What is the benefit of insulated glazing?
Energy efficiency: insulated windows reduce noise issues by preventing outside noise from entering your home. The architectural elements of insulated glazing prevent heat loss in the cold seasons and keeps air in during the warm season. Your home therefore remains cosy and warm all year round. The temperature increases to 56 degrees against 30 degrees for non-insulated windows.
Versatility: insulated windows have several Low-E coatings that provide better protection against cold and heat. They perform especially well with wood, fibreglass, and vinyl material.
Sound insulation: double-glazed units are harder to break than single-pane windows, increasing home security. The reinforced sealing ensures they’re harder to break from the outside
Protects home furnishing: the glass engineering and science of double-glazed units reduces the amount of sunlight and heat in your home. This prevents damage to valuable properties such as paintings, carpets/rugs, furniture and other items.
Reduced condensation: moisture that freezes into frost from the warm surface makes the home interior colder, forcing you to adjust the heating and increasing energy bills. Double-glazing glass technology prevents condensation by blocking moisture in cold weather.
What to look for when buying double-glazed windows
The right type of glass: the building materials used in double glazing is efficient and highly insulated. Double-glazed units are graded A, B, C with A being the best. You can get self-cleaning glass, laminated glass, or toughened safety glass, depending on your choice or advice from a surveyor.
Check energy ratings and accreditation: it’s essential you check the grading for a supplier’s window to know the thermal efficiency and acoustic insulation of your new window. The rating is determined by the British Fenestration Ratings Council. The installer you choose should be a member of FENSA or another professional body that awards accreditation. Check that they have experience installing wood double-glazing casement windows.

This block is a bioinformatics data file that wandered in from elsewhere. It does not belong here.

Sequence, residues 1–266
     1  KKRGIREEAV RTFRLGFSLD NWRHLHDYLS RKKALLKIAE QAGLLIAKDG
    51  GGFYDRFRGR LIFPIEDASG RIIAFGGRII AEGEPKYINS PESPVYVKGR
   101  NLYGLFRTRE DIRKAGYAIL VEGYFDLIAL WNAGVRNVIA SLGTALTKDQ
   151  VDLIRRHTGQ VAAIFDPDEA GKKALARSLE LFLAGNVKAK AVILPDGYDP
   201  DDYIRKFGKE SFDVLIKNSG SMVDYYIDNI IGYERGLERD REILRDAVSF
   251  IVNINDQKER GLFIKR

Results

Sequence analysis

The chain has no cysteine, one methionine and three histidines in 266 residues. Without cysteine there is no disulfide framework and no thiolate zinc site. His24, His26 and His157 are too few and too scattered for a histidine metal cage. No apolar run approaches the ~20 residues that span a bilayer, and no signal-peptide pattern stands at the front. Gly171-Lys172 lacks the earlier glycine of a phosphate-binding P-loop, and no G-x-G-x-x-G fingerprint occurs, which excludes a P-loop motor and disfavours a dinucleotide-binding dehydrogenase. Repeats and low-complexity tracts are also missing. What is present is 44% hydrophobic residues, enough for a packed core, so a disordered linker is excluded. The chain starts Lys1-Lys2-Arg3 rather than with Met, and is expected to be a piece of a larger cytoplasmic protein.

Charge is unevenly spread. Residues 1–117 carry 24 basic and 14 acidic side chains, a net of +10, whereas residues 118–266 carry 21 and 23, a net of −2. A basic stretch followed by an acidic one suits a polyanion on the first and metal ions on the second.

Warranty: Timber double-glazing units are low maintenance. Most manufacturers offer a 10-year warranty. So, if there is an issue within that time frame, it will be repaired at no extra charge. Read the fine print to know what’s excluded in the warranty
Payment plans: most companies have a financial package with flexible payment options.
Other tips for buying double-glazed windows:
Do research on your product
Choose a reputable firm you can trust
Make sure the double-glazed window frames are glazed from the inside
Cheap doesn’t mean best
How much is a double-glazed window?
The cost of double glazing depends on the number of windows to be installed and on which floor. Windows above ground floor cost more due to scaffolding for setting up installation. The exact cost is determined after the installer checks your home. Other factors affecting cost include the size of the window, style of window and frame material to be used during installation. You’ll be provided with a rough estimate based on the details below.
Flat with 4 windows – from £2,140
House with 8 windows – from £4,500
House with 10 windows – from £5,350
House with 15 windows – from £8,450